“Queen's Park is small and does have some lighting, but it can be a bit seedy after dark. No, its not quite what your thinking — men are more likely to be harassed than are women, although rapes/assaults in the park are quite rare. Nonetheless, it may be slightly upsetting to pass beside semi-nude men pleasuring themselves in the park at night, so its advisable not to cut through it after midnight.”

Of course, all of these issues are relatively minor compared to many other cities across the world. In fact, you'd be hard pressed to find a more well-rounded and safe city than Toronto.

How's the Internet?

We already said that Toronto is pretty much like any U.S. city, which implies Internet access and reliability is on par with what online poker players have come to expect. “Yeah, the Internet is comparable to the US for sure,” Mitchell said, adding that there are plenty of providers to choose from.

Re-establishing Your PokerStars Account

If you’re a U.S. player and relocate to play online poker on PokerStars, you’ll need to reestablish your account by showing that you have relocated. All the players who’ve went through this process claim it wasn’t much of a problem, including Mitchell, though he offers a suggestion for PokerStars support:

“Fairly easy. Just need to set up a bank account and a utility bill,” he explains. “One thing I'd say though is that PokerStars really needs some sort of telephone number or something though because the email exchanges back and forth between different time zones make the process much, much more frustrating and dragged out than it should be. But overall it wasn't hard. A bank account was very easy to get.”

If you’re serious about moving, be sure to visit PokerStars and contact their support to learn all the details of reestablishing you account.

Sites to See and Places to Go

“There are lots of concerts, festivals, etc., so I'm looking forward to checking out some of those in the near future,” Mitchell explained. Sure enough, there are plenty of options to choose from if you decide you want to go out and about.

When it comes to tourist attractions, there are really two that stand out in Toronto. The first is the Eaton Center, a massive, four-level shopping mall with over 250 stores. The domed Eaton Centre appeals to shopaholics of all sorts, but don’t forget to check out Flight Stop, a huge Canadian goose mobile designed by artist Michael Snow.

The second thing you’ll probably want to do is check out the CN Tower, which dominates the Toronto skyline. The 1,815-foot tower attracts millions of tourists each year, each making the 1,122 foot ascent to the observation deck. While the CN Tower is no longer the tallest freestanding structure in the world, it is still popular with Toronto tourists. has put together a list of the "Top 10 Toronto Tourist Attractions and Highlights," that you might find helpful:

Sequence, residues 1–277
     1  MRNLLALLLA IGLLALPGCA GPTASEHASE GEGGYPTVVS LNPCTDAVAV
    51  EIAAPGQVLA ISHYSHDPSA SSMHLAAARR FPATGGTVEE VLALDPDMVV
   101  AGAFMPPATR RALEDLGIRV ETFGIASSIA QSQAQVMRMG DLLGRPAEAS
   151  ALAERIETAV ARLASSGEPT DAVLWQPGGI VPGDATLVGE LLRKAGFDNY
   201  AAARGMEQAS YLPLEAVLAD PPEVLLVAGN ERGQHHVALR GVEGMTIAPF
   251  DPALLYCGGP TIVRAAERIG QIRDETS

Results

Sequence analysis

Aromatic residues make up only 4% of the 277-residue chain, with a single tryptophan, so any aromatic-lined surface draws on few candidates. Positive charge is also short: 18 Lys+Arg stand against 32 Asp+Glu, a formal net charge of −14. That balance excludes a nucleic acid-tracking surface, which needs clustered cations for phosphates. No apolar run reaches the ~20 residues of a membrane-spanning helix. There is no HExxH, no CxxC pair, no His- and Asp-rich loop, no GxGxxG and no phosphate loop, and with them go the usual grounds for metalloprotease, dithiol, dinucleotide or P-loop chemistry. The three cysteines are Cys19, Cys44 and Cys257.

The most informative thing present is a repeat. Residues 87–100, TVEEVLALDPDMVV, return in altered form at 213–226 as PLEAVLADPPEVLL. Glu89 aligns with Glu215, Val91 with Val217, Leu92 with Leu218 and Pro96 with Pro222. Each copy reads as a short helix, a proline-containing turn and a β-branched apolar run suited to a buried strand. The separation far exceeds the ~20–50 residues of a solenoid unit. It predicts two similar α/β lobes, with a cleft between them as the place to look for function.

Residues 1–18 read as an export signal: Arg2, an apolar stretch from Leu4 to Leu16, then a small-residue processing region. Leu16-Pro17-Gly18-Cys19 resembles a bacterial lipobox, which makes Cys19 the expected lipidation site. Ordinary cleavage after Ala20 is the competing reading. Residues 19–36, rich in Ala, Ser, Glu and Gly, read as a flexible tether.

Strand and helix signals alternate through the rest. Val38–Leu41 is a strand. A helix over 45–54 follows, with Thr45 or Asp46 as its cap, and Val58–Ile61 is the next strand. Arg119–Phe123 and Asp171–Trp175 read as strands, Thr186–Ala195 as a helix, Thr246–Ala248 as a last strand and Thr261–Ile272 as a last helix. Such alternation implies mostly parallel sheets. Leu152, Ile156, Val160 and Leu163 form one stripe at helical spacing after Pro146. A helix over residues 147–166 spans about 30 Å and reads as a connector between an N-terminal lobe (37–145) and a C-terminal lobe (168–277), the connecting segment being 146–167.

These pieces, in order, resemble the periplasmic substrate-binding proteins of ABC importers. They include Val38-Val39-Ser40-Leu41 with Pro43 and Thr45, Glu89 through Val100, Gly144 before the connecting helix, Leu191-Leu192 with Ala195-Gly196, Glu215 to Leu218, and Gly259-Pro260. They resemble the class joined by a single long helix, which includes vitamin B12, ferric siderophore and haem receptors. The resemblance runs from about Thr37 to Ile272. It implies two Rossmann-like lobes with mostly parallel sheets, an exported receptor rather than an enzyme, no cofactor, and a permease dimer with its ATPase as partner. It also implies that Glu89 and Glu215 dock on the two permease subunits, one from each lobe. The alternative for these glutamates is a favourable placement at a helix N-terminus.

• The Eaton Center
  • The CN Tower
  • Casa Loma
  • Royal Ontario Museum
  • Centre Island
  • The Distillery District
  • Yorkville
  • Hockey Hall of Fame
  • Art Gallery of Ontario
  • Chinatown


“I haven’t really experienced it much yet but it appears to be great,” Mitchell admits. We’ve taken the liberty of researching some of the most popular party spots in Toronto, information we hope both you and Mitchell find handy. Here is a list of the Top Nine Nightlife Spots in Toronto according to (We’re not quite sure why they didn’t live up to their namesake and list the top ten):

  • Second City
  • Roof Lounge
  • Academy of Spherical Arts
  • Beerbistro
  • Charlotte Room
  • Crush Wine Bar
  • Sky Yard
  • Smokeless Joe’s
  • Sweaty Betty’s

On the other hand, the site did list the Top 10 Bars/Clubs in Toronto:

  • Annex Wreck Room
  • C’est What
  • Rex Hotel Jazz and Blues Bar
  • Roof Lounge
  • Byzantium
  • Horseshoe Tavern
  • Academy of Spherical Arts
  • Guvernment/Kool Haus Entertainment Complex
  • Trane Studio
  • Devil’s Martini

Hockey Hall of Fame

If you're a fan of hockey, then Toronto is the perfect place for you since it's home to the Hockey Hall of Fame.

"Home of the Stanley Cup and the best of hockey, you can DO IT ALL...AT THE HALL. Guests can take shots at real-time goalies; stop the shots of Gretzky and Messier; call the play-by-play of some of hockey's greatest goals; view hockey flicks in one of our two theaters; get up close and personal with the Stanley Cup; explore the largest collection of hockey memorabilia in the world — all of this plus so much more!"

Interestingly, no sport has done more alongside poker for charitable causes than hockey. This was evidenced in September when both former and current NHL stars joined forced with poker pros at the Playground Poker Club’s “NHL Faceoff” event, which helped raise more than $50,000 for charity.

Simply put, if you're in Toronto, do yourself a favor and check out the Hockey Hall of Fame.